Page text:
Dropping the Second Shoe on Election Spending

On Wednesday the five-man U.S. Supreme Court majority dropped the second shoe hard on the notion of political democracy. The first shoe was dropped four years ago in the Citizens United case, when the five men allowed unlimited spending even by business corporations to elect candidates to office so long as the expenditures were not coordinated with a candidate or political party.

This time the court, in the McCutcheon case opened the floodgates for the wealthy even further by holding that aggregate limits on political contributions directly to candidates violated the constitutional rights of the well-heeled.

(I use the gender of the conservative justices deliberately, since the three women on the court all dissented. The only other woman to ever sit on the court, the retired Sandra Day O'Connor, would almost surely have also dissented in this week's case based on her voting record.)

Until this week, the law allowed any individual to contribute a total of $123,200 to candidates and parties over a two-year cycle. That was in addition to the unlimited contributions to Political Action Committees and other entities engaging in so-called "independent" expenditures. I say so-called independent expenditures because the definition of "independent" is so loose that it allowed Rick Perry's former campaign manager to resign and set up an "independent" PAC to "independently" operate to elect Rick Perry president.

But, obviously, a contribution limit of $123,000 was far too restrictive in the eyes of the court majority.

The new ruling did not change the maximum contribution limit to individual federal candidates, which remains at $2,600 per year, or the limits for each of the state and federal party committees.

But with the aggregate limits gone, a civic-minded citizen (or at least one with unlimited wealth) can now contribute up to $3,628,000 per election cycle to support the candidates of their favored party.

That works as follows: $2,262,000 to candidates for the House of Representatives, $171,000 to 33 Senate candidates, $1,000,000 to state party committees and $194,000 to national party committees.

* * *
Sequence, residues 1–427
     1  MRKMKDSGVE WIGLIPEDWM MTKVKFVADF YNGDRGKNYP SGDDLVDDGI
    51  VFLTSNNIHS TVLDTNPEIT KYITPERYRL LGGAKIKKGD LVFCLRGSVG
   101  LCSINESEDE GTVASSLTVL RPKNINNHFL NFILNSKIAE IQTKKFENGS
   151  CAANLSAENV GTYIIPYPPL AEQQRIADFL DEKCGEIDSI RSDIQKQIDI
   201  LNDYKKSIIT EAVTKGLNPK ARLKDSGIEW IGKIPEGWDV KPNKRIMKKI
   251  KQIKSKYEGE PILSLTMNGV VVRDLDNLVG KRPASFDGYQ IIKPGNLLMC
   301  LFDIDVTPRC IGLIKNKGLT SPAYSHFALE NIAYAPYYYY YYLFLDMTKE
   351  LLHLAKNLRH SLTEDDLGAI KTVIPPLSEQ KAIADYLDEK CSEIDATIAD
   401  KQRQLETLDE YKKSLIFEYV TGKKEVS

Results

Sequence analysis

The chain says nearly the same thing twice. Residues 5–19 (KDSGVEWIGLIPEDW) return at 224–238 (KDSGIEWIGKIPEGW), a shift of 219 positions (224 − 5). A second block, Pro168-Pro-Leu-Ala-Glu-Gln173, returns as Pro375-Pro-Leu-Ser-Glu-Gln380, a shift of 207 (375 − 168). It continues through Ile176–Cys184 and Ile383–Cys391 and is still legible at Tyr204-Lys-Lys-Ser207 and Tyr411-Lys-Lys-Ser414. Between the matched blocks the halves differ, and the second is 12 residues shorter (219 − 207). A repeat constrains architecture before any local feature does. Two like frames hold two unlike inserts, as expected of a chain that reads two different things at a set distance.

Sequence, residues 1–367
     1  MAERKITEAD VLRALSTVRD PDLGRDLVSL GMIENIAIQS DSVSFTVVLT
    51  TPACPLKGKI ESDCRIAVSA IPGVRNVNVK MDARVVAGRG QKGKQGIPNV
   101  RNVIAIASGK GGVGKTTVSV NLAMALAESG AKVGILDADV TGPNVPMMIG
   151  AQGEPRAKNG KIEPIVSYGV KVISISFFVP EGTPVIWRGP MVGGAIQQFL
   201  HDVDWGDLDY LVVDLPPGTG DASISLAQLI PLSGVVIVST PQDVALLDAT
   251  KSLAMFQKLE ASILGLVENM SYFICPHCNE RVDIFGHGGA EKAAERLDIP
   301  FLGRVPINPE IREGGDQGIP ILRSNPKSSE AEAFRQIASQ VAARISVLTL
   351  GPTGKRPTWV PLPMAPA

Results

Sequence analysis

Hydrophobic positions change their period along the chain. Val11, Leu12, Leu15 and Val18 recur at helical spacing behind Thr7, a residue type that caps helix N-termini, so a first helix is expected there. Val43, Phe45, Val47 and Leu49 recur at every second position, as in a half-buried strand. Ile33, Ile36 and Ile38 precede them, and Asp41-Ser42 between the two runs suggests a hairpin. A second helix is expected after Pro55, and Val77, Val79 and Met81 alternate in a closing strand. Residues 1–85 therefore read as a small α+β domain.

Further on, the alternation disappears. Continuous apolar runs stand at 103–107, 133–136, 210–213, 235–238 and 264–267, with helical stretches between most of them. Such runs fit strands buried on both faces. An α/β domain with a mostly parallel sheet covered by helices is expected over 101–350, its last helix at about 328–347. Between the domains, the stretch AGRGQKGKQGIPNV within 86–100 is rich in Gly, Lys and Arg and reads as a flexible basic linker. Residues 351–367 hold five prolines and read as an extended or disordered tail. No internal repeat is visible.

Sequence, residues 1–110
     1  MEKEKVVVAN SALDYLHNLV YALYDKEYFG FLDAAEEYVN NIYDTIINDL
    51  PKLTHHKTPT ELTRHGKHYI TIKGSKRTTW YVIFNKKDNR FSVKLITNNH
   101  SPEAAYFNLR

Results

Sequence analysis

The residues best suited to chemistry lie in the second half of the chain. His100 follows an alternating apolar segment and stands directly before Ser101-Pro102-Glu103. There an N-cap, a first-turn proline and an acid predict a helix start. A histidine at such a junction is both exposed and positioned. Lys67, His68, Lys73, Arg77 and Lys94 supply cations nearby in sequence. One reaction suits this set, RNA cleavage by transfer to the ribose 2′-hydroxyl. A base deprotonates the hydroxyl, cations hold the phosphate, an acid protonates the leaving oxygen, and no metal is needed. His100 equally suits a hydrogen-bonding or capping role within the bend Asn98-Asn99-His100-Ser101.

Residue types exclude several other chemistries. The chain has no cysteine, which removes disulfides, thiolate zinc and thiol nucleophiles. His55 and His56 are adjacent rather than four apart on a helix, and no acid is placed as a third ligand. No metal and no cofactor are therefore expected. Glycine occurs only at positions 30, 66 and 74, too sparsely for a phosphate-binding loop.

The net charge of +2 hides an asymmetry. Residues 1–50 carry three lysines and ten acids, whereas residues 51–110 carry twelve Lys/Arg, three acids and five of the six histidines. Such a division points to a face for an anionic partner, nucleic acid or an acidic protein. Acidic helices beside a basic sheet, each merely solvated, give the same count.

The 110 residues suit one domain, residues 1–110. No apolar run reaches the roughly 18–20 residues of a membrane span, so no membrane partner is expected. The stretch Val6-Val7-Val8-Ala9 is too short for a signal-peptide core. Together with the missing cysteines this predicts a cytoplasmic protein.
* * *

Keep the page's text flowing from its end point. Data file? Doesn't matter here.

Now this might seem like an awful lot of work for Mr. Big to sit down and write out 435 checks to House candidates and 33 checks to Senate candidates, in addition to the individual checks to the proliferating party committees. But do not fret. They can actually write a single check for the $3,628,000 to a joint committee established by the party and let the party distribute the funds in accordance with the legal formula.

But we are still not yet finished. Do not forget the political action committees. Yes, there is a limit of $5,000 per year in contributions from any person to a PAC, but there is no limit to the number of PACs. So if there are 200 PACs favorable to one party's candidates, our lucky donor can send them each $10,000 over the election cycle, for a grand total of $2,000,000.

And, of course, there is little to prevent the dispensers of those funds to lavish them on the party's most needy candidates despite the individual contribution limits from any single donor.

And don't forget, this is all in addition to donations to groups making those so-called "independent expenditures."

This is what the free-spending five justices call free speech and democracy. And it is based on the notion that the only theory under which Congress can limit political contributions under the First Amendment is to prohibit what the justices call quid pro quo corruption, which is basically bribery.

How could massive financial support of one party's candidates for office possibly corrupt our democracy?

Why should the successful recipients of this largesse have any special obligation to their major financial backers? Why should they pay any more attention to the solicitations and needs of those folks than to those of any other constituent?

As former Congressman Barney Frank once commented, "Elected officials have to be the most ungrateful people in the world; they can spit in the eye of their benefactors."

Moreover, where do those justices get the idea that what they view as preventing corruption is the only value underlying the First Amendment? What about the notion of political equity? Once upon a time, another Supreme Court said it was "one person, one vote." Does that now boil down to "a million dollars, a million votes" -- or the equivalent thereof?

This originally appeared in the (North Jersey) Record on April 2, 2014.